So we know that life is the standard of value and that happiness is the purpose of life. So what sort of values do we need to pursue and what sort of virtues do we need to cultivate within ourselves to achieve that long and happy life? Let’s first look at some rational values.
We start our list with those things that we literally can’t live without, like air, shelter, water, and food. Without these values, we would die in a fairly short time.
But these material values don’t just magically appear on our doorstep. We have to go seek them out. So knowledge of how to obtain these values is itself a value. We need knowledge of how to grow crops, of how to handle and cook meat safely, of how to negotiate a trade with someone else. So knowledge of what will promote our life and what will destroy it is a value.
Such knowledge doesn’t come automatically or even easily to us. We have to use our senses and our reason to gain this knowledge of the world. And we also need other rational people with whom to trade. So reason and other people are also values.
But reason doesn’t function automatically either. So knowledge of how to use reason effectively, otherwise known as epistemology, is also a value. We need to know that using reason requires us to be in mental focus, to attend to the facts of reality, and to use the method of objectivity. We need to know the rules of logical inference and the fallacies of reasoning to avoid.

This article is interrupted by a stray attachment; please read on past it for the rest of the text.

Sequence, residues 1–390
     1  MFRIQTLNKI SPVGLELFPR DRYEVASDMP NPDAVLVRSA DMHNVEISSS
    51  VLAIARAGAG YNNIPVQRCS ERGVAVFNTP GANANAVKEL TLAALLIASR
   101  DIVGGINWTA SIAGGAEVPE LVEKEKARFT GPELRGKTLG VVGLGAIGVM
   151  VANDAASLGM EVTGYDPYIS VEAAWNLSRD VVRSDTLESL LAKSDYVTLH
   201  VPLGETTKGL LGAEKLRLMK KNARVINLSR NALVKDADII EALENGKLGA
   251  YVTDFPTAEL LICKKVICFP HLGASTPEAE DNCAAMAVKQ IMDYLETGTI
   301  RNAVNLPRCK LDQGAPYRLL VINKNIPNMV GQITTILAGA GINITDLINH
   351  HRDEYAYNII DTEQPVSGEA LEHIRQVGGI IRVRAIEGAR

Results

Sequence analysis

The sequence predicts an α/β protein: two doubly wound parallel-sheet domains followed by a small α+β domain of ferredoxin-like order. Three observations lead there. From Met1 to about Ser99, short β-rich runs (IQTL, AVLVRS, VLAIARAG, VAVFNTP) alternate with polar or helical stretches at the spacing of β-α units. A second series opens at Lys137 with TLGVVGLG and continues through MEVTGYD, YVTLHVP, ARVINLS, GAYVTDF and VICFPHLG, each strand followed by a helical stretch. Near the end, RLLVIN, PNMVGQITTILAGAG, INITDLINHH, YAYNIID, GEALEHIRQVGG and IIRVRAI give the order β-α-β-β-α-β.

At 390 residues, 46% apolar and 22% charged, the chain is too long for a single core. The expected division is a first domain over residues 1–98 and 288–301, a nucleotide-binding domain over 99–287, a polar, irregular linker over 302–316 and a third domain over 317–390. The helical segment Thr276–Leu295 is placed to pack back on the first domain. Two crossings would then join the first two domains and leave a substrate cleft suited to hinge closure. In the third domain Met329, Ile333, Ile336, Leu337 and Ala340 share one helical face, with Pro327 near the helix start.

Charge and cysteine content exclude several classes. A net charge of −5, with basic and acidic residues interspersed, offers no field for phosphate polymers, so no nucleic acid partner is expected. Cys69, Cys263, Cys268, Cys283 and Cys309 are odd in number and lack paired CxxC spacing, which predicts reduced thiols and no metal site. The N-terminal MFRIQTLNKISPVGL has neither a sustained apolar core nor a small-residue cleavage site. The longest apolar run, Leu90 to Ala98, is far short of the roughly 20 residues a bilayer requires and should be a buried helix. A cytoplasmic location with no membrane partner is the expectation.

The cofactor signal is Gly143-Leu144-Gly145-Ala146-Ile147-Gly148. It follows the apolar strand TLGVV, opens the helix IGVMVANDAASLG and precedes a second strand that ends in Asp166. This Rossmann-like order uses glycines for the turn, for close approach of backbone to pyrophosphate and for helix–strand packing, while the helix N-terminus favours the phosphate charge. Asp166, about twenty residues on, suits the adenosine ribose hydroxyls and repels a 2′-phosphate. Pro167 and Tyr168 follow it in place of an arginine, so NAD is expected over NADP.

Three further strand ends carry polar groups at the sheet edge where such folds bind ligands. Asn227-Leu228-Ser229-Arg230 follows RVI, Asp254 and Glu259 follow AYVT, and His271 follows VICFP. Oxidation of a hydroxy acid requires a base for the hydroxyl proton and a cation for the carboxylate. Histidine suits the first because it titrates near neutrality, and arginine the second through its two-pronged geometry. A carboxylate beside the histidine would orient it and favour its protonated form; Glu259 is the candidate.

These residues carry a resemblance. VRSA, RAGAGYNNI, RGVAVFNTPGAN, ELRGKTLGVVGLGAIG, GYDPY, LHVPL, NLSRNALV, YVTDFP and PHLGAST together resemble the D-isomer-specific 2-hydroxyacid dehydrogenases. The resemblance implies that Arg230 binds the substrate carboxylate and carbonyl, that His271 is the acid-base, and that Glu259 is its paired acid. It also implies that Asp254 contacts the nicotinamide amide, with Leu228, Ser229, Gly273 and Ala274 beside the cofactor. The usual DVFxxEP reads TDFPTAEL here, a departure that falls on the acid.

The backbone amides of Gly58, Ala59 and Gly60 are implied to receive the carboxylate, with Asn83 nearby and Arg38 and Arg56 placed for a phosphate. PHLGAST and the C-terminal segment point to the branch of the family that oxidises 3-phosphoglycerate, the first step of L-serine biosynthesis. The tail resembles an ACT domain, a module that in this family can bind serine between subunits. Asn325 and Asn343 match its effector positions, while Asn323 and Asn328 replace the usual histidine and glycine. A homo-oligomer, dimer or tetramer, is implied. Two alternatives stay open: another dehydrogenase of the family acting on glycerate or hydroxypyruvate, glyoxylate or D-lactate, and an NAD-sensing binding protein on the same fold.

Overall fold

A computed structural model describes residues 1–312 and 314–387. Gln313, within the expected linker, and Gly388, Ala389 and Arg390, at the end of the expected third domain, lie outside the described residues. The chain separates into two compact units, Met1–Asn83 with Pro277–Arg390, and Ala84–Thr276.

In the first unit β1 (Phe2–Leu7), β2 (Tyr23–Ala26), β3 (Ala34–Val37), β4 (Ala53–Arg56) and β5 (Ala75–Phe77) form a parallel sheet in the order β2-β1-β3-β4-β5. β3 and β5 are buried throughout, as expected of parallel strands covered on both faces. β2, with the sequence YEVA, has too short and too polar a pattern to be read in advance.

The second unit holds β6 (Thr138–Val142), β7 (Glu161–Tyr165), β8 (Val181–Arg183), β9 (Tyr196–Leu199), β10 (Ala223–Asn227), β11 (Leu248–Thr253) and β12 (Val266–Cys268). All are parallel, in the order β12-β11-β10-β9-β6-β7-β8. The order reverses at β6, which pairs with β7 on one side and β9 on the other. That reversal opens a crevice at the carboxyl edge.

Now imagine that every day, you asked yourself: So where will I find food today? Where will I find water and shelter? You probably wouldn’t last too long because you wouldn’t be planning in advance. You wouldn’t be planning for that drought or that infestation of beetles that destroyed all the bananas. Living hand to mouth is likely to result in a rather short life.
So in order to achieve our goal of a long and happy life, we need to identify the values that promote our lives in the long run. What do we need to achieve a long and happy life?
We need knowledge of the world, like knowledge of how to obtain and store food. We need to know that standing under a tree during a thunderstorm is unsafe. We need to know when to take antibiotics. We need to know who our friends are. And we also need to know how to gain knowledge. We need to know how to use our faculty of reason effectively.
For example, trade with other people is a value because it allows people to specialize in a particular area, instead of forcing people do meet all their needs all by themselves. And we need to identify the ways in which we can effectively pursue them consistent with out life and happiness. Those are virtues. For example, honesty is a virtue because people will not want to trade with me if I lie about the terms of the exchange. And thus begins the science of ethics.
So let’s pause here to notice what the Objectivist ethics is not. It doesn’t advocate absolute moral duties, like the Ten Commandments. It doesn’t advocate acting on feelings, like that dishonesty is wrong because it will make you feel guilty. In the Objectivist ethics, we are deriving moral principles from the facts of reality in the context of pursuing our own life and happiness.
As a result, Objectivism doesn’t advocate a moral ideal of self-sacrifice and service to others. Objectivism rejects the moral ideal of altruism, where actions are moral if and only if they benefit someone else. Rather, Objectivism advocates a moral ideal of egoism, where actions are moral if they benefit the self.
I’ll be substantially editing “Objectivism 101″ in May, after school winds down and my Camp Indecon curriculum is complete.